IMF Sets Stage for June Reconsideration of Article IV Disclosure

1 January 2003

In June 2003, the IMF Executive Board is planning to reconsider whether to force the release of more, maybe all, Article IV reports, the country-specific assessments that guide IMF lending.

The IMF has edged slowly to this point and the IMF staff is continuing to study its disclosure policies. The Board, in a Sept. 27, 2002, statement said it would consider moving to a policy of "presumed publication" for Article IV reports in June, when it will again review certain elements of its policies. Also up for discussion will be translating the reports into languages besides English.

At present, Article IV reports can by voluntarily released by the government of the subject country, based on a policy adopted in June 1999. As measured in a "Progress Report on Publication of Country Documents" dated Sept. 23, 2002, roughly two-thirds of Article IV reports were released. The statistical signs point to a slow improvement in the percentage of Article IV reports, and related documents, being disclosed. The worst rates are for countries in the Middle East and Asia. More than 80 percent of governments now choose to allow the publication of Public Information Notices, that describe the outcome of Article IV consultations.

During its September 2002 policy review, the board decided not to expand its policy on Article IV reports. A Sept. 23, 2002, statement by IMF Managing Director Horst Kohler encouraged "strengthening the momentum generated by the positive peer demonstration effect that has persuaded the rising number of members to agree to voluntarily publish staff reports."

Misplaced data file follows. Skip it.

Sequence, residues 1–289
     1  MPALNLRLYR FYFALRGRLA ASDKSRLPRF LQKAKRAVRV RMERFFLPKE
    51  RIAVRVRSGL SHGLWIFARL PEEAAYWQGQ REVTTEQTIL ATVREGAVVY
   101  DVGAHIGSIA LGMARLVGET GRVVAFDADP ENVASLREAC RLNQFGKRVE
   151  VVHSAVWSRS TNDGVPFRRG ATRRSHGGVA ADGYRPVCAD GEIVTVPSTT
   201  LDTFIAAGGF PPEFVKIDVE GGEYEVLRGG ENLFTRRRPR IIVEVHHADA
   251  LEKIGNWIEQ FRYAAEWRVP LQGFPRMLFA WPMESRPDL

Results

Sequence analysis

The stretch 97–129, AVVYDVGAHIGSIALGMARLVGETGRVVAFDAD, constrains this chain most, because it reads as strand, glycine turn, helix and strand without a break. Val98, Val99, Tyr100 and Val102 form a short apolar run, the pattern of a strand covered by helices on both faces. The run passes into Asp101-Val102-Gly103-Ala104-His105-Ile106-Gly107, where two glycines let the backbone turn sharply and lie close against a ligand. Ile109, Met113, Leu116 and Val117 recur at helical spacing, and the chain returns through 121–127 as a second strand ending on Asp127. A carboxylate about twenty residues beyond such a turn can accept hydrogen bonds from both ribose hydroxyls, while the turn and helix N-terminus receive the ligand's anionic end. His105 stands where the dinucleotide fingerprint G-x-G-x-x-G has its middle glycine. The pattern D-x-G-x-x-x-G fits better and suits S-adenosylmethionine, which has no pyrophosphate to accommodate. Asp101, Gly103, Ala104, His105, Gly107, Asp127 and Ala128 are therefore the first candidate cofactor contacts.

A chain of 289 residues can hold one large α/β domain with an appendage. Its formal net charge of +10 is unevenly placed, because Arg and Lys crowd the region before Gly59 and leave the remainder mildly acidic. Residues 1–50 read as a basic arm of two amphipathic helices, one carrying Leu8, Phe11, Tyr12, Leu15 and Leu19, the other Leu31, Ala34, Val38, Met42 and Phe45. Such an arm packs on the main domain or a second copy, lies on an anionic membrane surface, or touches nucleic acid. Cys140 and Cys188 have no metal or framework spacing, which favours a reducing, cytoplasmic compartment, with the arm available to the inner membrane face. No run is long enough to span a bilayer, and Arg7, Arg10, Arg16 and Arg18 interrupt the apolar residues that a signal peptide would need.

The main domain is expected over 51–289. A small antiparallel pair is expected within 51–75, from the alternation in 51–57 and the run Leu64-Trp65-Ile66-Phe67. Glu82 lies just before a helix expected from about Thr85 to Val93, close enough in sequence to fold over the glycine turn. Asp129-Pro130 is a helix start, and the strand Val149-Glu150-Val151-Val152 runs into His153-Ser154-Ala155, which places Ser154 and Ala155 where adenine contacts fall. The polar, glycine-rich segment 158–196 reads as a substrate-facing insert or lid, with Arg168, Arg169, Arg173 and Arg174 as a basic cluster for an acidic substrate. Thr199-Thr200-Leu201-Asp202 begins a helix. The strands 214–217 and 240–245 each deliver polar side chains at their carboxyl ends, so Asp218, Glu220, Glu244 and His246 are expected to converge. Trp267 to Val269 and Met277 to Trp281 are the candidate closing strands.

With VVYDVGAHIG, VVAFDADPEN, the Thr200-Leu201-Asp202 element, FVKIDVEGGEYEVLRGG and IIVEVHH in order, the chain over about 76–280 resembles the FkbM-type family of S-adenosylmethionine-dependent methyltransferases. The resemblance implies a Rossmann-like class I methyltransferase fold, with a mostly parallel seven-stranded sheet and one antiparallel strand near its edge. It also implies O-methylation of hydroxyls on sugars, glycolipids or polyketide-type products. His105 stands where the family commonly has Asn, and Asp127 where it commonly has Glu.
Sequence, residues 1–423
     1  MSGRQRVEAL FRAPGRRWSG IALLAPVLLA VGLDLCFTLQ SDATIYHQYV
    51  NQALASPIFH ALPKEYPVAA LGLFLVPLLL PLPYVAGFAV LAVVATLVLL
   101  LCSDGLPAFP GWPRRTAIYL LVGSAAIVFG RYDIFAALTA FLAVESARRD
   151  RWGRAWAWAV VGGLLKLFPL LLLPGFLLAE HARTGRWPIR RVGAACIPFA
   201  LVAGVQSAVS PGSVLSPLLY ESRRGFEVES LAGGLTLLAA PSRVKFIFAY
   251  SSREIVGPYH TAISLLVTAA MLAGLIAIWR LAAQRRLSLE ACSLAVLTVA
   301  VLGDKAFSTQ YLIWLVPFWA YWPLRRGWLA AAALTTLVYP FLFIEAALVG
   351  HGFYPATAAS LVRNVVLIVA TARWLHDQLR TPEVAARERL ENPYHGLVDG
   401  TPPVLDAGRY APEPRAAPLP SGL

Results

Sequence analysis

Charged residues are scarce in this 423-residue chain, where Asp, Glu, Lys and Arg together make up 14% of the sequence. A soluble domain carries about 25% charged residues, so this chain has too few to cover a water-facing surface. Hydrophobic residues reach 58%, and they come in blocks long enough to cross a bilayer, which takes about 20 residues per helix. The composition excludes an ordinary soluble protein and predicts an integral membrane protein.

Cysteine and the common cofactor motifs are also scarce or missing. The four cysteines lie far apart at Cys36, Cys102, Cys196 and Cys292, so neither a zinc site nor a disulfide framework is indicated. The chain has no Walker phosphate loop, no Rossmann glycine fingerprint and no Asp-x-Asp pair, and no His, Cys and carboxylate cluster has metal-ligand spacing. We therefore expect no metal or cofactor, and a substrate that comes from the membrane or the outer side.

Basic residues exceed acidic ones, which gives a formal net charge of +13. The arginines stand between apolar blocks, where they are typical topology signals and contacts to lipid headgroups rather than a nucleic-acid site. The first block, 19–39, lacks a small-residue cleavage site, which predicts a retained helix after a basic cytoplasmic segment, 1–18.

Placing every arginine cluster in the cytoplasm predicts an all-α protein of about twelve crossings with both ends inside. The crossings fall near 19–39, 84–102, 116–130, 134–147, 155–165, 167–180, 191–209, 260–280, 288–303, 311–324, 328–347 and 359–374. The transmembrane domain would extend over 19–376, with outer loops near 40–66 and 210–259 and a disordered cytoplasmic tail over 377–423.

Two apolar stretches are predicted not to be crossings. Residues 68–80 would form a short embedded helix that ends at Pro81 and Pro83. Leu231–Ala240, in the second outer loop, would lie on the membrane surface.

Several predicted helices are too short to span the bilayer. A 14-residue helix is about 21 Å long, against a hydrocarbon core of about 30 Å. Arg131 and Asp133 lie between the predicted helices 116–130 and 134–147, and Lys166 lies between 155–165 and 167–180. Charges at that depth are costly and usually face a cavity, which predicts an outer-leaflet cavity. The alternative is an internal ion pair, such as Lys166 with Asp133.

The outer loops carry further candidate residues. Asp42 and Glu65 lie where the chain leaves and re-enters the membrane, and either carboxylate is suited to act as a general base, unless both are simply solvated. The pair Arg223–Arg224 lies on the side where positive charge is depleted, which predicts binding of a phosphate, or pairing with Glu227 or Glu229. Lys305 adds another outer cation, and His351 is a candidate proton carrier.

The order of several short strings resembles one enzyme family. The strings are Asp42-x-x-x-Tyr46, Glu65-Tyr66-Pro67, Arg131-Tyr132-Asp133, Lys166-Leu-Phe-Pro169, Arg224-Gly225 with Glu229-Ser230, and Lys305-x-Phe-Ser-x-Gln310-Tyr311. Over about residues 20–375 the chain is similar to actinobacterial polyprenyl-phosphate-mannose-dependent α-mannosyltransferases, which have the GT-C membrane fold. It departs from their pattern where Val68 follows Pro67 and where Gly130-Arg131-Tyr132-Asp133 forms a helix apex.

The Fund’s directors also will revisit its policy allowing "deletions" from Article IV reports, most of which, the staff reported, dealt with the banking sector. Kohler’s statement indicates that there was debate about deletions, with most saying the policy "working well," but some proposing to apply the policy "more flexibly." In June, Kohler’s statement also said, the board will consider a proposal to allow deletion of highly politically sensitive information from country staff reports.

The Public Information Notice on the IMF’s review:

The staff review:

By Toby McIntosh

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Filed under: IFTI Watch


In this column, Washington, D.C.-based journalist Toby J. McIntosh reports on the latest developments in information disclosure in International Financial and Trade Institutions (IFTI).
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